Scientists discover men are more inclined to contract coronavirus than women

The National Guard | Wikimedia Commons

The National Guard | Wikimedia Commons

Farah Javed, Managing Editor

Scientists have found that there is a disparity between the number of women and men infected with COVID-19. A recent study conducted by the Montefiore Health System, Albert Einstein College of Medicine and Kasturba Hospital for Infectious Diseases revealed that women recover faster from the virus than men do.

First, they nasal swabbed patients to determine whether they had the coronavirus. Once an individual tested positive for the virus, they were closely monitored and issued a nasal swab test daily until they tested negative. On average, it took four days for women to fully recover from the virus and six days for men.

The results of this study are magnified by the reported coronavirus numbers around the world. “Of Italy’s 21,551 deaths recorded as of April 20, 64 percent were men,” Science News reported. “In Spain, 59 percent of the 12,634 deaths as of April 21 occurred in men. Germany had recorded 4,598 deaths by April 21, with 58 percent in men.”

Even in the United States, though most states do not categorize reported numbers by gender, the disproportionality is still evident. Of those currently on ventilators due to COVID-19, “More than two-thirds of the intubated patients are men,” said Dr. Joseph Lowy, a palliative care and hospice doctor at N.Y.U. Langone Health. “I know of no other disease that has that type of predilection for one gender over another.”

The research and numbers seem tohave a correlation, but scientists have yet to determine what the causation is. Although there is no clear reasoning behind why men take longer to recover from the coronavirus than women, scientists have some possible theories to explain it.

One theory stems from the chemical composition of the COVID-19 thread itself, as explained by Big Think. In order for the coronavirus to infect a cell, “It must latch onto an angiotensin-converting enzyme II, or ACE2. These enzymes are attached to the cellular membranes of cells in organs such as the heart, lungs, kidneys, and intestines.”

Thus, bodies with more ACE2 would be more susceptible to getting infected and having the virus remain in their bodies longer. Coming to this conclusion, the researchers of the study consulted numerous experts until they found that “ACE2 was highly expressed in testicular cells but had little expression in ovarian cells.” Thus, men would be more liable to getting the coronavirus than women.

A second theory created by some scientists delves into how the biological difference between men and women impact their vulnerability. In terms of bodily makeup, men and women have proteins that defend the body against ailments and invasions, but they do not operate in the same way. Therefore, the hormones and proteins of women could be acting as protection against the coronavirus, while its absence in men could make them more vulnerable.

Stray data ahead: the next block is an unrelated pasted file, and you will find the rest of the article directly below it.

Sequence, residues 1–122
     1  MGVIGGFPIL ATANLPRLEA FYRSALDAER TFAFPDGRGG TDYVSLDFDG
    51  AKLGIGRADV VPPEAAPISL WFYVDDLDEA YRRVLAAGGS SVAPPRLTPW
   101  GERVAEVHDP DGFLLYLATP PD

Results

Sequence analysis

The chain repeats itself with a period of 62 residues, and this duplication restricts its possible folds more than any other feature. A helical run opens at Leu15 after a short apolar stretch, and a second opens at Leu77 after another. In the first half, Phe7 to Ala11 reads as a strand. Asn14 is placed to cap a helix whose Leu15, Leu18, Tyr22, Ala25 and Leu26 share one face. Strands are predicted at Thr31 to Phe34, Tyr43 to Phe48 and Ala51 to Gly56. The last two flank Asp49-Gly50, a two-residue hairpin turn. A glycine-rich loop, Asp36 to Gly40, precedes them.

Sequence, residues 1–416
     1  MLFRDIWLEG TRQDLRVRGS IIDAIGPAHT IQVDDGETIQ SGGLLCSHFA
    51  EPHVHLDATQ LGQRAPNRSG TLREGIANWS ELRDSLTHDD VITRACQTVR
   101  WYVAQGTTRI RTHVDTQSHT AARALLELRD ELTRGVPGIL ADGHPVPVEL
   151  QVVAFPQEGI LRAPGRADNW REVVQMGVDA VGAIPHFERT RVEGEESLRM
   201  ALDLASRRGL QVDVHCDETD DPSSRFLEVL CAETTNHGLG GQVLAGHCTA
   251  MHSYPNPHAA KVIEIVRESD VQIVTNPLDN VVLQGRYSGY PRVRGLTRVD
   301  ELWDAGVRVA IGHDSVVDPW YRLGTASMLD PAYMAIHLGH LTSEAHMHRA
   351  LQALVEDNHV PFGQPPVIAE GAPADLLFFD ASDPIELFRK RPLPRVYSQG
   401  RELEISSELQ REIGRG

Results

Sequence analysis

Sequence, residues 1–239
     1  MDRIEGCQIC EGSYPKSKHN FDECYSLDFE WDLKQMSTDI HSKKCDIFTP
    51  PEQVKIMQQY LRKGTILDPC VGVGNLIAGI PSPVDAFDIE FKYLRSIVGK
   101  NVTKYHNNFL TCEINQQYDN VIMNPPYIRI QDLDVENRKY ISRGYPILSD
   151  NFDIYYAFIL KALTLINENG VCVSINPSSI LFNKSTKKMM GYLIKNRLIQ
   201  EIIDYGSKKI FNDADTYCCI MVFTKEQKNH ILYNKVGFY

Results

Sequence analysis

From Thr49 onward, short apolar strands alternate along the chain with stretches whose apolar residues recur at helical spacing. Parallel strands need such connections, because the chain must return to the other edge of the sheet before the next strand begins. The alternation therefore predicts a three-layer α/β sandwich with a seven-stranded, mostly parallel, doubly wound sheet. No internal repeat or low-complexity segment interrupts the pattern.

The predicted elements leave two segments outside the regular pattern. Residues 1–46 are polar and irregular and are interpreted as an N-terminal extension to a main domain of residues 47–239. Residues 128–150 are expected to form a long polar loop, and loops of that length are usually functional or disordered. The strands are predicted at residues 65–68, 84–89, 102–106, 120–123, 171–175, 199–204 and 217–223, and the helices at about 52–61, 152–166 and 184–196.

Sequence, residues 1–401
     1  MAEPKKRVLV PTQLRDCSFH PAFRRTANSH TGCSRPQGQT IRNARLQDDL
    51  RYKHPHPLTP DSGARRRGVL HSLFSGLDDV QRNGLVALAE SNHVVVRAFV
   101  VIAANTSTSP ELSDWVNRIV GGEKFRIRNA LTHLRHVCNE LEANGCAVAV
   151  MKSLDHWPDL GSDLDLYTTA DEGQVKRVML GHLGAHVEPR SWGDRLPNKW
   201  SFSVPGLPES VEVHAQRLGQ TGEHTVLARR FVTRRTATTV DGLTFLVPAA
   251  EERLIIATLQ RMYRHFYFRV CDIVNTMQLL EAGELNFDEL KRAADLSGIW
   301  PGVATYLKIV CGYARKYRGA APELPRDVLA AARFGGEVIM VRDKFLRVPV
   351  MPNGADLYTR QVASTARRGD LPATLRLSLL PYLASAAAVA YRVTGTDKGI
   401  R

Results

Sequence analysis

Additionally, men tend to have weaker immune systems than women. “Some of that discrepancy could be because men are more likely than women to have other health problems, such as hypertension and diabetes,” Science News explained. “These are among the underlying conditions that raise the risk for severe COVID-19 disease, the U.S. Centers for Disease Control and Prevention reported April 3.”

Health officials have said numerous times that those with pre-existing health conditions or who are immuno-compromised have a higher chance of contracting the coronavirus and suffering from stronger side effects . Considering men tend to have more health problems than women, it makes sense that men experience coronavirus symptoms longer and are hospitalized for it more frequently.

Some scientists theorize that societal behaviors could be playing a hand in the disparity, citing “that men have tended to seek care later in the course of a disease than women do,” according to National Public Radio. They also highlight men being less inclined to get medical help is not unique to the coronavirus pandemic.

During the Ebola virus outbreak, it was reported that men often neglected to seek vital medical care as well. As a result of this, more men died from the virus than women did. With trends around the globe suggesting males are more inclined to contract the virus, it begs the question as to why they are so reluctant to go to the doctor.

One possible explanation of this may be fear. “As a primary care doctor, I think the number one reason men avoid the doctor is fear,” Dr. Tisha Rowe, founder of the telemedicine network RoweDocs, said. “They worry about a bad diagnosis or a bad outcome.”

Rowe also mentions another factor contributing to male reluctance could be the concept of a superhero complex. To some men, going to the doctor is a sign of weakness. It displays a sense of vulnerability and “men don’t like being vulnerable,” Rowe added.

Whether for chemical, biological, or social reasons, it is clear that men are more susceptible to the coronavirus, leaving them with longer lasting symptoms. Regardless of gender, men and women alike should take special care to comply with the Centers for Disease Control and Prevention’s issued health measures.

People should also seek out medical health if they feel ill and stay home when possible to avoid jeopardizing their health and safety of others. Though COVID-19 appears to affect men more than women, all people can do is take health precautions seriously and hope for a vaccine.